The problem starts slowly. Students begin to struggle with their assignments. They work hard to understand the explanation of the concept, but it is just not coming to them as easily as it comes to their neighbor. When they go home to do homework, they do not have the same support system as other students. That frustration builds as they struggle to keep up with the rest of the class. One of the most accurate predictors of this negative behavior is literacy level.
Illiteracy is a threat to the teacher’s classroom as much as it is to the student’s future. Students who struggle to read act out during class in a variety of ways. Their outbursts cover the full range of emotions, from anger and lashing out to comedic interludes to gain attention. By the time they reach third grade, they possess a basic understanding of the fact that they are behind their peers. This can lead to the negative emotions that cause them to act out during class, doing whatever they can to distract from time spent having to learn. Students that have a hard time learning become adverse to going to school and using that time productively.
Deborah Stipek and Sarah Miles at the Stanford School of Education discovered in a 2006 study that “relatively low literacy achievement in 1st grade predicted relatively high aggressive behavior in 3rd grade … [and] low literacy achievement in 3rd grade similarly predicted high aggressive behavior in 5th grade.”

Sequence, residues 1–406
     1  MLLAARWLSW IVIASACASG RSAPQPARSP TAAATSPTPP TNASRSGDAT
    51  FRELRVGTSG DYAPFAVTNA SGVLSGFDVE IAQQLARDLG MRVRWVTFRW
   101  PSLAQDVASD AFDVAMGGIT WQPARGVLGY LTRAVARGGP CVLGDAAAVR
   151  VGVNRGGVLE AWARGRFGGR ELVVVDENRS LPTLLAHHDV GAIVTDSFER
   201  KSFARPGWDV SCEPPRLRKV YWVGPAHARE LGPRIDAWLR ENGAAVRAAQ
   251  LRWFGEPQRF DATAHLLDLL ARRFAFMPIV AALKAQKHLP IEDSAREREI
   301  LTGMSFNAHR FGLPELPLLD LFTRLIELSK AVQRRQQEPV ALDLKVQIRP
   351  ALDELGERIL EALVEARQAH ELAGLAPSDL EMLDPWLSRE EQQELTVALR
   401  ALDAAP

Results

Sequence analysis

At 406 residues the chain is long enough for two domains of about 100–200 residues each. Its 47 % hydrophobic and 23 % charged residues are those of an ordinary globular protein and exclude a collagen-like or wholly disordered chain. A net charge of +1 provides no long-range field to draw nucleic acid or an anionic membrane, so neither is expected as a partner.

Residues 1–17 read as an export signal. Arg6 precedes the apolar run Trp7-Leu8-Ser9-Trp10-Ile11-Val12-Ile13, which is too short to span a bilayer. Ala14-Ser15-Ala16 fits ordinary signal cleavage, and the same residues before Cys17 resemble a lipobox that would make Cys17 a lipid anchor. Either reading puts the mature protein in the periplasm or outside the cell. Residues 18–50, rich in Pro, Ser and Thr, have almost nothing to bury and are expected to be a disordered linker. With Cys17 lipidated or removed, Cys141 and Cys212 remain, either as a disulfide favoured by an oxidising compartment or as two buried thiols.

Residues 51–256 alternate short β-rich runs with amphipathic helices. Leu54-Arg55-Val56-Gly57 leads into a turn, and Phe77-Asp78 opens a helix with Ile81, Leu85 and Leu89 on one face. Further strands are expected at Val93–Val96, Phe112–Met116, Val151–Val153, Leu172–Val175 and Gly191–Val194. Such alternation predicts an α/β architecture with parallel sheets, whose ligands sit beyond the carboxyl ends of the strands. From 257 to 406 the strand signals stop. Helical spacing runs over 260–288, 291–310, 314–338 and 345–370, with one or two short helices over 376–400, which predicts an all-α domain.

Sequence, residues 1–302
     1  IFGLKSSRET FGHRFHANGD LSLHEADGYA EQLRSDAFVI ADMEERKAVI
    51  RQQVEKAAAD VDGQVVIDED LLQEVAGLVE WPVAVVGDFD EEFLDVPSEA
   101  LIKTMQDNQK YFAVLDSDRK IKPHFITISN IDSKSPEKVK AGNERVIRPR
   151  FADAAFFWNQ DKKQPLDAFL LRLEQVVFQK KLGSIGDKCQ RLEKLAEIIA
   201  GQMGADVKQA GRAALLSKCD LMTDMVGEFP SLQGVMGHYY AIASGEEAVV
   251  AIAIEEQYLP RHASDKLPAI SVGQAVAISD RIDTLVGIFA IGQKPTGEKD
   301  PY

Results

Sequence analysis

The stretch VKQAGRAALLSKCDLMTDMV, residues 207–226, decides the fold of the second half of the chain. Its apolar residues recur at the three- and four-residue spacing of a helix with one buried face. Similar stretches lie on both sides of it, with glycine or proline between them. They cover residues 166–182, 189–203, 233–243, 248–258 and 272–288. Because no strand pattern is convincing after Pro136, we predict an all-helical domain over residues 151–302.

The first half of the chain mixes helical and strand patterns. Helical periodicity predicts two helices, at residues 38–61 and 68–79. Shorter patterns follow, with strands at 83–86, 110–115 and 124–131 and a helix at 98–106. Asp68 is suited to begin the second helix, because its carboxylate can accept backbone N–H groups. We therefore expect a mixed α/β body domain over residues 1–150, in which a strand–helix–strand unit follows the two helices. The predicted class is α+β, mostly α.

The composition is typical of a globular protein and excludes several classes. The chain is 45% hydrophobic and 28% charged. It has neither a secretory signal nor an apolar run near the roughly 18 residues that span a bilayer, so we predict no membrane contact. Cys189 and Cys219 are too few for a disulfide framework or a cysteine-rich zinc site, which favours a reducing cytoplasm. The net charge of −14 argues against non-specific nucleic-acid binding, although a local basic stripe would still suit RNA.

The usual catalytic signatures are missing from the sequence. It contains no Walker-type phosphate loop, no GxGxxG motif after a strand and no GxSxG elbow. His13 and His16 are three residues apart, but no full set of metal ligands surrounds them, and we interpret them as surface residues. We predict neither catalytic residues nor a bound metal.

The theory was that as students became more discouraged with school, they acted out more often. These issues are magnified over time, resulting in adults that are more likely to end up with lower earning potential (75% of unemployed adults have low literacy) and a higher risk of ending up incarcerated (70% of those incarcerated have low literacy rates).
Fortunately, early intervention can help students avoid these problems. Catching this shift in behavior early provides teachers, and other students, a much more conducive learning environment. Some positive information to consider:
- Children who can read at grade level by third grade are very unlikely to end up on the wrong side of the law. Those that cannot read at grade level at this critical juncture are four times less likely to graduate.
- Better social skills help improve performance in the classroom. When students are young, Miles and Stipek discovered that reading ability correlated with higher social skills. As time goes by the correlation weakens, but it is important during the years when building good reading habits matters.
- Encouraging high achievement makes better classrooms. When students are part of a class with high standards, there are fewer behavioral problems. Especially if the class provides the tools in the classroom to succeed.
The events that influence students before third-grade may cause ripples through their entire life. Helping students equate the class with a positive experience helps mitigate future problems. The less time teachers must spend dealing with unruly students, the more time they can contribute to developing all of their students into enthusiastic readers and lifelong learners.